NOTE: removing the preference should only be done after the wikimedia community has been consulted.
The "stub threshold" option drastically degrades performance of page views for users who have it enabled. It also is a special case that introduces complexity and surprising behavior in the source code. The value of the feature, when working as intended, also seems dubious. It is probably best to simply remove the option.
The "stub threshold" option allows users to highlight links to articles that are smaller than a given size. The intend was originally to make it easier for editors to find articles that need attention in a field that they care about. Currently, seven values between fifty and ten thousand bytes are supported (plus "disabled"). The highlighting of the links is implemented in the LinkRenderer class used by the wikitext parser.
Usually, the HTML generated by the wikitext parser is cached for later re-use. This is done because parsing is relatively slow - depending on the size and complexity of the page, it can take several seconds. However, when the "stub threshold" option is used, this caching is disabled. This is necessary because it would not be feasible to update the cache whenever the size of a linked page changes. Also, if all of the eight supported values were in popular use, this would lead to eight times as many cache entries (cache fragmentation).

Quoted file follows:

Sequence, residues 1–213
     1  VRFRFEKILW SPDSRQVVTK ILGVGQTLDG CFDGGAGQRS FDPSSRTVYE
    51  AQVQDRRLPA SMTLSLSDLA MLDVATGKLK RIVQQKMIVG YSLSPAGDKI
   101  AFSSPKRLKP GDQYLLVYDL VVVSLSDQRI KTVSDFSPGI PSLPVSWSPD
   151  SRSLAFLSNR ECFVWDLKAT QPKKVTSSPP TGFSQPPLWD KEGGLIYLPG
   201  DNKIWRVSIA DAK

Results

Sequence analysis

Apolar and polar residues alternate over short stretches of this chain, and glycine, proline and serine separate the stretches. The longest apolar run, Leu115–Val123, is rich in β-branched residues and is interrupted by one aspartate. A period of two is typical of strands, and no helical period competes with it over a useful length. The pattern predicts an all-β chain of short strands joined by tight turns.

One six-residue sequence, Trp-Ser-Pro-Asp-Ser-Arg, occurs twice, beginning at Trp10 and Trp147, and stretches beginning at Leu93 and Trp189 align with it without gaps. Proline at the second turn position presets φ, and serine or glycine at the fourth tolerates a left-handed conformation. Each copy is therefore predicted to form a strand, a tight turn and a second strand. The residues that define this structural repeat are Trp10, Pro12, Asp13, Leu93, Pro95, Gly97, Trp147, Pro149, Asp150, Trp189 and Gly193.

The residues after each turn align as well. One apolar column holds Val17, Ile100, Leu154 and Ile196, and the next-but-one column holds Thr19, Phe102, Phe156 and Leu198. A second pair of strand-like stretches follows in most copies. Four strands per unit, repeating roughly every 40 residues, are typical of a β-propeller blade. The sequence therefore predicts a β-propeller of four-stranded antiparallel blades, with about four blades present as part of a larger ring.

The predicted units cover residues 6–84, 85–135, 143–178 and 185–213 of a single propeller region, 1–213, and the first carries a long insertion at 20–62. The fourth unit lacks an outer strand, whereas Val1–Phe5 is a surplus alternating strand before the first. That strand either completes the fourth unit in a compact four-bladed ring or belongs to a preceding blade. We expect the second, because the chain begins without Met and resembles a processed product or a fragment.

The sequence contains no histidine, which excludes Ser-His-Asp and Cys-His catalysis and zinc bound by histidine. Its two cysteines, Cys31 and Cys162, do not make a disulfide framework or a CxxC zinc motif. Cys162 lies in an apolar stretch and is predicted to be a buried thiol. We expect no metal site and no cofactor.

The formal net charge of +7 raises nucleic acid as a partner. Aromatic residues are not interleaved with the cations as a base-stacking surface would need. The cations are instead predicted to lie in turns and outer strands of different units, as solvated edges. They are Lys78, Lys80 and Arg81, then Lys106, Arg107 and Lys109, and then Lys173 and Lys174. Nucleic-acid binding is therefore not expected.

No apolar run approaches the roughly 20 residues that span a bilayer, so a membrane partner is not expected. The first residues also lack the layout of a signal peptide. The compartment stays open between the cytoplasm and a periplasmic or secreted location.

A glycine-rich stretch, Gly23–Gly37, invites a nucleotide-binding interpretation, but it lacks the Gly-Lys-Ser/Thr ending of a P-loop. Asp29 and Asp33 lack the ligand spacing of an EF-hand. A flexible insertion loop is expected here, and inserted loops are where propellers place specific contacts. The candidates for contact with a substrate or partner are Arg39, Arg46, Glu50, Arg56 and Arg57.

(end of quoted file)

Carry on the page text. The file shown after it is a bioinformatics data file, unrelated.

Because the stub threshold disables the use of the parser cache, all pages have to be parsed on the fly for users that have this option set. This makes loading the pages very slow.
Also, the mechanism that bypasses the parser cache is somewhat obscure and has led to confusion in the past. It is implemented in ParserOptions::isSafeToCache(), but the option itself is not mentioned there, bypassing the cache is a result of "stubthreshold" being counted as a "used" option but not being listed as a "cache varying" option. This is surprising for a parser option coming from a user preference.
Finally, the benefit of the option seems dubious. While providing a way to discover articles that need attention while rading is a nice idea, going simply by the size of the page is probably not the best mechanism. If there is sufficient demand for this feature, other options should be explored, perhaps based on categories or other metadata.
An ad-hoc analysis among users of en.wikipedia.org who have edited in the last 30 days shows that about 0.25% of active editors have the "stub threshold" option set (roughly 500 out of 200,000). The median edit count among these users is 1675, pointing to a niche feature used by a few power users.
There seems to be no feasible remedy for the performance issue mentioned above. A complete redesign of the feature would be necessary. Since the feature does not seem to be used much, it seems best to simply remove it from core. If desirable, the underlying need could be addressed by asynchronously loading meta-data about linked pages to surface pages that need attention.